Dancing through the screen

BY GRACE HAERR | APRIL 01, 2015 5:00 AM

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Jacob Holland, a University of Iowa senior and cinema major, didn't know what to expect from FilmScene's showing of the Sundance Festival. Listen to his testimonial after viewing the show.

Audio compiled and edited by Lily Abromeit

FilmScene welcomed guests on the first day of Mission Creek Festival to view a collection of short films, compiled together as the Iowa Screendance Festival.

The festival is a combination of eight short films created by local and national dance filmmakers. Local filmmakers Tori Lawrence and Elizabeth Bergman curated the show.

Each film is a product of Lawrence, Bergman, or their close friends.

“[Bergman] and I knew everybody we curated in this show,” Lawrence said.

The show featured a variety of films, ranging from documentary-esque shorts with dialogue to shots of a dancer running through fields in Ireland.

In one film, “That Dizzying Crest,” by Jeremy Moss, a woman danced accompanied by only a piano. The screen was bright, flashing with inverted colors through an old film reel.

“It played around with 16-millimeter film — that was really interesting,” said University of Iowa senior Jacob Holland. “I also liked that it played with digital format.”

Cinema major Holland said that although he wasn’t sure what to expect from the show, the films impressed him.

“I was not entirely sure what I was going into,” he said. “It actually surprised me how awesome all of these pieces were.”

One memorable one for Holland was “Pidgin/Pigeon,” a creation of Bergman’s. The short featured a woman in a pink tutu dancing on top of soda cans. She kicks the cans, dances around them, and lies down on them.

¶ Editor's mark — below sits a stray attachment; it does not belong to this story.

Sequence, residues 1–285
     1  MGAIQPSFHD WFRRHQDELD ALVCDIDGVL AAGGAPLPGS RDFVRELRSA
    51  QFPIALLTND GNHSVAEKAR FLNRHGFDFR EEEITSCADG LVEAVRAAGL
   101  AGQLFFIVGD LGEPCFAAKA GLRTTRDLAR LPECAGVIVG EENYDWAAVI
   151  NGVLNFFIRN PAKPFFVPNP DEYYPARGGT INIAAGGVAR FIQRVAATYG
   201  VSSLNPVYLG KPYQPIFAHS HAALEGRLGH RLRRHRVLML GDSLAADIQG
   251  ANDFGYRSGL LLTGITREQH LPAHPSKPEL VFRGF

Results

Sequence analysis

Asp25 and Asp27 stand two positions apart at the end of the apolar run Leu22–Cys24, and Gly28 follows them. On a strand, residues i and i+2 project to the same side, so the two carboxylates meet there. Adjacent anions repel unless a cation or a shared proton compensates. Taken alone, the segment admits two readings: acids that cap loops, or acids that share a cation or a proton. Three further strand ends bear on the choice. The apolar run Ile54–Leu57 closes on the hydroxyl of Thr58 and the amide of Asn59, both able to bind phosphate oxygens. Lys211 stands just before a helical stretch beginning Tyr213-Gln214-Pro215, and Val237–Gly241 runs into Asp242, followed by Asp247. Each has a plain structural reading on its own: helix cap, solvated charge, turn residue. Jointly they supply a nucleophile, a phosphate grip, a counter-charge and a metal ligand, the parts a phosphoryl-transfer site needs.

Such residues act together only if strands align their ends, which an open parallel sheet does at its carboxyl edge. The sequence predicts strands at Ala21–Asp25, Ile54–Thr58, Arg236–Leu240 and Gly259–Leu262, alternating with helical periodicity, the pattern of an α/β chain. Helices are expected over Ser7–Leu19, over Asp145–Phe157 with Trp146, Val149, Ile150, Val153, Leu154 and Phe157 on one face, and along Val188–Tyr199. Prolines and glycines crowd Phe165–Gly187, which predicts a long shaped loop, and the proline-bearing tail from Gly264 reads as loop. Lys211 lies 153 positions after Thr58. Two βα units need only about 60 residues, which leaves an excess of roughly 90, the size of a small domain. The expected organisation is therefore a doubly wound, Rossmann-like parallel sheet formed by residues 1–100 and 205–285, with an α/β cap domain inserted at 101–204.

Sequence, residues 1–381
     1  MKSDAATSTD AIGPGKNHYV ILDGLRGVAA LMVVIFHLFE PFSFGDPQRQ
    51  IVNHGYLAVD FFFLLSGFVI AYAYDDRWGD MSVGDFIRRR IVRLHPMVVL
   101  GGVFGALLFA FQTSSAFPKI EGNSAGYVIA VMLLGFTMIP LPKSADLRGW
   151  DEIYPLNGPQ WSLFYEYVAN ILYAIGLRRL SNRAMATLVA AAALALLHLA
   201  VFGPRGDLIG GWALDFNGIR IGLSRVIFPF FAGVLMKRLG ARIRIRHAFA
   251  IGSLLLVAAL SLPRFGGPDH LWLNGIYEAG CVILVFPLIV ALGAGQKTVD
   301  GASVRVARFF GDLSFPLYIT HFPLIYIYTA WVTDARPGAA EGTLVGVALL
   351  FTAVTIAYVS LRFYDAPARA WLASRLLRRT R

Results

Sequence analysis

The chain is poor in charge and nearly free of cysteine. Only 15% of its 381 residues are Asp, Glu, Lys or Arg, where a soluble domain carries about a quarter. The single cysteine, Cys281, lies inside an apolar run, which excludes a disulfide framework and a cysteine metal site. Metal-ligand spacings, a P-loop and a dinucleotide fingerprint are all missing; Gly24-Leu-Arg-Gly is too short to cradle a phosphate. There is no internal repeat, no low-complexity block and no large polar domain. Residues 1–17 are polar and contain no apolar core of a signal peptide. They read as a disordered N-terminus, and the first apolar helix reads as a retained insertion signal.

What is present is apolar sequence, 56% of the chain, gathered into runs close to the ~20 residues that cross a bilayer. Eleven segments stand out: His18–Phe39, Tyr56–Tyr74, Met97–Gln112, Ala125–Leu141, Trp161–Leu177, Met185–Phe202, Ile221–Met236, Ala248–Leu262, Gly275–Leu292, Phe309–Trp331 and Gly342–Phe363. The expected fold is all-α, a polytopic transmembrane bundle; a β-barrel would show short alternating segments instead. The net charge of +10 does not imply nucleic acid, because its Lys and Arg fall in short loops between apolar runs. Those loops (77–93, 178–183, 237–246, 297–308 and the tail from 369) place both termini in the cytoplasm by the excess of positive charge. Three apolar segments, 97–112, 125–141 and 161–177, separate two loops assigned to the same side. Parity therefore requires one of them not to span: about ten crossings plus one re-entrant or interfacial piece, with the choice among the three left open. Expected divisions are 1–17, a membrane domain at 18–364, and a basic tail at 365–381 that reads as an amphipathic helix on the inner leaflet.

“When I saw the cans next to the Dumpster, at first, I was very critical,” Holland said about the fourth film in the show. “I thought, terrible sound, terrible image, but then it went into a really interesting commentary.”

Most of the films only featured female dancers, something Lawrence said she and Bergman find to be an interesting concept.

“Men still dominate choreography,” Lawrence said. “[Bergman] works with a male cinematographer, and I have two male cameramen. But we were interested in female perspectives in this male dominated field.”

This interest manifested in one of her featured films, “Muirín.” In the film, a woman dances in the wind over cliffs and through water, very aware of the nature around her.

For Bergman, the focus was not entirely on making a statement about the male-dominated industry but commented on self-reflection as well.

In “Introspect,” by Bergman, a woman is first shown in a dressing room, looking at herself in a mirror. The shot then moves to her dancing on broken mirrors in the aisle and on stage of the Englert.

“Mirrors lie, and they can be dangerous to stare into,” Bergman said. “The mirrors used in my piece symbolize reflection and the idea of how I want to be more aware of what my body is doing and not how it looks. The male gaze coming from the audience in the theater shows my awareness of others looking at me.”

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